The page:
Practice Rational Testing

Monitoring aminoglycoside level

BMJ 2012; 345 doi: https://doi.org/10.1136/bmj.e6354 (Published 27 September 2012) Cite this as: BMJ 2012;345:e6354
  1. Suryabrata Banerjee, specialty registrar1,
  2. Manjusha Narayanan, consultant2,
  3. Kate Gould, professor3
  1. 1Queen Elizabeth Hospital, Gateshead NE9 6SX, UK
  2. 2Microbiology, Royal Victoria Infirmary, Newcastle Upon Tyne NE1 4LP, UK
  3. 3Microbiology, Freeman Hospital, Newcastle upon Tyne NE7 7DN
  1. Correspondence to: S Banerjee drsuryabrata{at}yahoo.co.uk
  • Accepted 18 June 2012

Aminoglycosides are potent antibiotics, but monitoring of therapy is essential to ensure optimal treatment and prevent toxicity. This article reviews the available evidence for this evolving subject

Learning points

  • Monitoring of aminoglycoside therapy is essential to ensure optimal treatment and prevent toxicity

  • Aminoglycoside level monitoring can be done by several methods—trough level only, peak and trough level measurement, using nomograms, area under the curve methods, or bayesian systems

  • For patients with altered volume of distribution or creatinine clearance, monitoring frequency should be individualised as appropriate and expert help sought

  • Renal function should be monitored at the start of treatment and every 2-3 days thereafter (more frequently if unstable)

  • If aminoglycoside treatment is expected to continue >72 hours, patients should be informed of potential ototoxicity, and they should be assessed ideally at the start of treatment and then every week (in extreme cases every 2-3 days with a view to stopping treatment if toxicity develops)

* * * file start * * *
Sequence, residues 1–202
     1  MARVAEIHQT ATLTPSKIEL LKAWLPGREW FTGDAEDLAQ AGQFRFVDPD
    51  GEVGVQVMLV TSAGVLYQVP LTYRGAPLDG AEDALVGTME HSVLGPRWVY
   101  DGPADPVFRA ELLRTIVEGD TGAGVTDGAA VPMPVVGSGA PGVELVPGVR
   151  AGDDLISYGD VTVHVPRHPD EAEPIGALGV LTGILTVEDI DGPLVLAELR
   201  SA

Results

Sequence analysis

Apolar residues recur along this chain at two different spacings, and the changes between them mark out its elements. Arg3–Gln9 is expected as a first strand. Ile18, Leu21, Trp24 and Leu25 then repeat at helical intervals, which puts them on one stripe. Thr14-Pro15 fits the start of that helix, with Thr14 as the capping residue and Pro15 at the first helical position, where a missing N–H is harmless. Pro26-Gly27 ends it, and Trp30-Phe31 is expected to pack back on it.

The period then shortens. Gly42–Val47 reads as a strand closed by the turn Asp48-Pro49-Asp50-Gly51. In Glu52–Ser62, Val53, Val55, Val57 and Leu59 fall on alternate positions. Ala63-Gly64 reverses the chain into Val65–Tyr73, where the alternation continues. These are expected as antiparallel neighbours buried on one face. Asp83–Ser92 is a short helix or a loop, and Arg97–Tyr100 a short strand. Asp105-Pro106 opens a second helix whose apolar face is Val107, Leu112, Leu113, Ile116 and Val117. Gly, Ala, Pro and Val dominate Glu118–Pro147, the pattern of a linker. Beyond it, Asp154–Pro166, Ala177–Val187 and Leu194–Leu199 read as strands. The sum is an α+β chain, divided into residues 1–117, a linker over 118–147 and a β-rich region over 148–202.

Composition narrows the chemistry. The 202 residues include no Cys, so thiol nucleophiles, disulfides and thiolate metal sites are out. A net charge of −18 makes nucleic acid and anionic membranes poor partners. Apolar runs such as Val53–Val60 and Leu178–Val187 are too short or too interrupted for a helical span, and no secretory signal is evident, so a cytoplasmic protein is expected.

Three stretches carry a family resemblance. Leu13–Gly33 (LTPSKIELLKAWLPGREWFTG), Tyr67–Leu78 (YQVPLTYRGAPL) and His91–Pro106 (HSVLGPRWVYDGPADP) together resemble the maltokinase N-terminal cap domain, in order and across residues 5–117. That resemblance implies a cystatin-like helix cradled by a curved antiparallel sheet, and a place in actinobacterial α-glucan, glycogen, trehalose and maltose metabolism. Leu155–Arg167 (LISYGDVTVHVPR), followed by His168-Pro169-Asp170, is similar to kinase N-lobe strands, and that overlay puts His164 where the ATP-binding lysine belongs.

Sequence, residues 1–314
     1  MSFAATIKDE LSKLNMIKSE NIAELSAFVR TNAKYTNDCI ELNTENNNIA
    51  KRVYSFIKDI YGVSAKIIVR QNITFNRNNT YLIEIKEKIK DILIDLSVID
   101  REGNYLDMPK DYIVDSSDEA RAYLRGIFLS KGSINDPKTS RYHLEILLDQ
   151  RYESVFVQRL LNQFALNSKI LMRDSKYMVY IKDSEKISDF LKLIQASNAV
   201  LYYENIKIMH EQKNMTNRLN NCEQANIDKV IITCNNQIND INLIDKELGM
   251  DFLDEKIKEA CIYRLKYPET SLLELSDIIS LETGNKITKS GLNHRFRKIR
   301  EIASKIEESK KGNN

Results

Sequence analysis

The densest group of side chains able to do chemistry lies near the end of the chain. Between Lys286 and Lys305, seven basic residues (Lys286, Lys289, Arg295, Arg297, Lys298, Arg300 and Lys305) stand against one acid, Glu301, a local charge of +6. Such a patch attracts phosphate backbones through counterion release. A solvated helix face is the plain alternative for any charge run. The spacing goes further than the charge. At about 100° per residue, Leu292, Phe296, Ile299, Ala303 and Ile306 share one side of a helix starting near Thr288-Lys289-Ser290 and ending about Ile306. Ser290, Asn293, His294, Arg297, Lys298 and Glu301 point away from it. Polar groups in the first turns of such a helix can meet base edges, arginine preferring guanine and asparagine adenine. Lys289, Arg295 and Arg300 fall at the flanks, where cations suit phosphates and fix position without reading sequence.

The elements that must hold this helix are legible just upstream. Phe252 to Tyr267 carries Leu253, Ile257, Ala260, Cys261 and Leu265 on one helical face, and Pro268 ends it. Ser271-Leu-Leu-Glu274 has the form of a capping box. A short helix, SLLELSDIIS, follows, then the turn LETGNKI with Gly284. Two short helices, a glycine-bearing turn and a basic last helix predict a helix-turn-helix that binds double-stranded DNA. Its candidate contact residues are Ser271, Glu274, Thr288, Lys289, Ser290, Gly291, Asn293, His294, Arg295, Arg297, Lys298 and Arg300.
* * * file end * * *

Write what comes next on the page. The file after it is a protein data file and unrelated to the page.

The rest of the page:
A 48 year old woman admitted to hospital three weeks ago with a spontaneous intracerebral haemorrhage and right hemiparesis has developed high fever (39.8°C) associated with chills and rigors. She is tachycardic with a 30 mm Hg drop in systolic blood pressure to 100 mm Hg. She is feeling unwell and nauseous. On examination, her chest is clear, and the abdomen is soft except for a tender renal angle on the left side. She had a short term catheter inserted during this admission, which was last changed six days ago. A urine dipstick is positive for blood, protein, leucocytes, and nitrates.

A provisional diagnosis of acute pyelonephritis is made based on the clinical picture, and the patient is started on amoxicillin and once daily gentamicin after discussion with the microbiologist.

What is the next investigation?

General investigations

  • Full blood count, urea and electrolytes, C reactive protein—These are the baseline investigations, which are non-specific but …

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